Big dipper constellation in a dark blue sky

All Posts

  • Happy New Year


    2018 was a wild ride, from moving the dioramas and finishing exhibits to finally opening the doors to the new Bell Museum on July 14.
  • Minnesota Skies: January 2019

    Published12/27/2018 , By Parke Kunkle

    Cosmic treats to ring in the new year: Venus, Jupiter, and Mars will be visible all month & a Super Moon total lunar eclipse on January 20… This and more in the latest astro-news!
  • Research Brief: Voyageurs Wolf Project

    Published12/13/2018 , By Andria Waclawski

    The Voyageurs Wolf Project has followed GPS-collared wolves from over seven different packs since 2015, but the “Bowman Bay” pack was recently caught displaying a unique behavior: hunting freshwater fish.
  • A Curious Gift Guide


    Explore a curated collection of unique gift specimens for the science geek, nature nut, and space case in your life. Member bonus: Get 20% off December 13-16!
  • Touch & See Lab at 50

    Published11/30/2018 , By Meleah Maynard

    Opened in 1968, the Touch & See Room was the first of its kind at any natural history museum in the country. Fifty years later, the revamped Touch & See Lab is now open in its new spacious, airy home in St. Paul.
  • Minnesota Skies: December 2018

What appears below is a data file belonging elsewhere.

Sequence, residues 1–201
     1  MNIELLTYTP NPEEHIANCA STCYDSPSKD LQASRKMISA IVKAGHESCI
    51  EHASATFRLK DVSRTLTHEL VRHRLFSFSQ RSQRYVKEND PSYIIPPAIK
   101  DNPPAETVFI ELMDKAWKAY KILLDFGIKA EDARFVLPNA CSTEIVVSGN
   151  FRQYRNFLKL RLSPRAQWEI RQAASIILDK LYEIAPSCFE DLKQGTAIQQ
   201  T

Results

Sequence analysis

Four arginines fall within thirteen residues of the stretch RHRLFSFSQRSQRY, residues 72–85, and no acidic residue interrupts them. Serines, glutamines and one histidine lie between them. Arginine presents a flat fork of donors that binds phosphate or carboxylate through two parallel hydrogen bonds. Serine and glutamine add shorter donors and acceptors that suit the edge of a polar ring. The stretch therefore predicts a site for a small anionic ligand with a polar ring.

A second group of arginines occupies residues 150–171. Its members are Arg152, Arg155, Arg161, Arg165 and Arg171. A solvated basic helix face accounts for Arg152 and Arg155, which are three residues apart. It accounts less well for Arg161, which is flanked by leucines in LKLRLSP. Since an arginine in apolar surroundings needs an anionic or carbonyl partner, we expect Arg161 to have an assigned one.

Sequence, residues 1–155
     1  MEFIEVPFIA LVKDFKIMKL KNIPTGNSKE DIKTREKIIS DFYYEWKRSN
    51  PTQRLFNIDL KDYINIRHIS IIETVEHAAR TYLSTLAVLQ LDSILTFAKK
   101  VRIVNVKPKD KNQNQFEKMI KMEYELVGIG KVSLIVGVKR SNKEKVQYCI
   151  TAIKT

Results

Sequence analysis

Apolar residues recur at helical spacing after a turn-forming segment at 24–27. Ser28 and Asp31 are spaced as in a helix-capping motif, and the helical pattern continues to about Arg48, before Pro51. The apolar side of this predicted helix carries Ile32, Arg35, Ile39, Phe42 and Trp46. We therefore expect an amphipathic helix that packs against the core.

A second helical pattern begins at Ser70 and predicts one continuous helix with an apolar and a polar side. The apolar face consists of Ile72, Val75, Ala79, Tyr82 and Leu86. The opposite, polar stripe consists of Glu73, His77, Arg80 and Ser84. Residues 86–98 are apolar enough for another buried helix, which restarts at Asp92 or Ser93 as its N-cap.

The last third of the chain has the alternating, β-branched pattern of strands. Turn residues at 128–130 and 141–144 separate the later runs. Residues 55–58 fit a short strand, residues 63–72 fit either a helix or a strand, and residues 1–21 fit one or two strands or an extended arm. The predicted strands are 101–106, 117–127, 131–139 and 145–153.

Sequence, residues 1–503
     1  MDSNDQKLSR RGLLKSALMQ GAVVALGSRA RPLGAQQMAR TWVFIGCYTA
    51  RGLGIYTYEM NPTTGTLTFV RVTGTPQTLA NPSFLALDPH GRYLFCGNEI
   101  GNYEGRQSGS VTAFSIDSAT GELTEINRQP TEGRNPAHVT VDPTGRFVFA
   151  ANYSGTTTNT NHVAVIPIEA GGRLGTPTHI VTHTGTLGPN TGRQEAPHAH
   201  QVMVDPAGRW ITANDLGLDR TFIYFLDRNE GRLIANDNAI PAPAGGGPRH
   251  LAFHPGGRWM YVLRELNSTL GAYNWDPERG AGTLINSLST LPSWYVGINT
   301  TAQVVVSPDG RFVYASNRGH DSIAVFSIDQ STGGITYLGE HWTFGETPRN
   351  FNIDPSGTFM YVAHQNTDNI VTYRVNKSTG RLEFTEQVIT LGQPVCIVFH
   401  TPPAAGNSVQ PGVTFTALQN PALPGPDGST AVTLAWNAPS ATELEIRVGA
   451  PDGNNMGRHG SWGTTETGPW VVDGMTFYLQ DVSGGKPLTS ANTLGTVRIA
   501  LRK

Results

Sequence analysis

Published11/27/2018 , By Parke Kunkle

    More than a dozen times each year, you can witness “shooting stars” in an annual meteor shower. Don’t let the cold scare you away from the impressive the Geminid meteor shower in December. Also, see the latest in astro-news!
  • Call for Artists


    The Bell Museum is seeking four resident artists for the 2019-2020 cycle of our Resident Artist Research Project, open exclusively to artists living and working in Minnesota.
  • Minnesota Skies: November

    Published10/30/2018 , By Parke Kunkle

    How far can you see with the naked eye? Maybe a few tens of miles from a mountain top on a clear day? how about 2.5 million light years away to the Andromeda Galaxy?
  • Bell Field Notes Project


    As you work your way through the new Bell Museum, you may spot what looks like chalk drawings of creatures and concepts high up on the wall. Those represent “field notes”—a way that scientists and others record observations. By making notes, collecting specimens, and seeking evidence, scientists are able to…
  • Minnesota Skies: October

    Published10/02/2018 , By Parke Kunkle

    Be sure to enjoy the sweet but less-caloric treats in the October sky… Mars, Saturn, and the Northern Cross.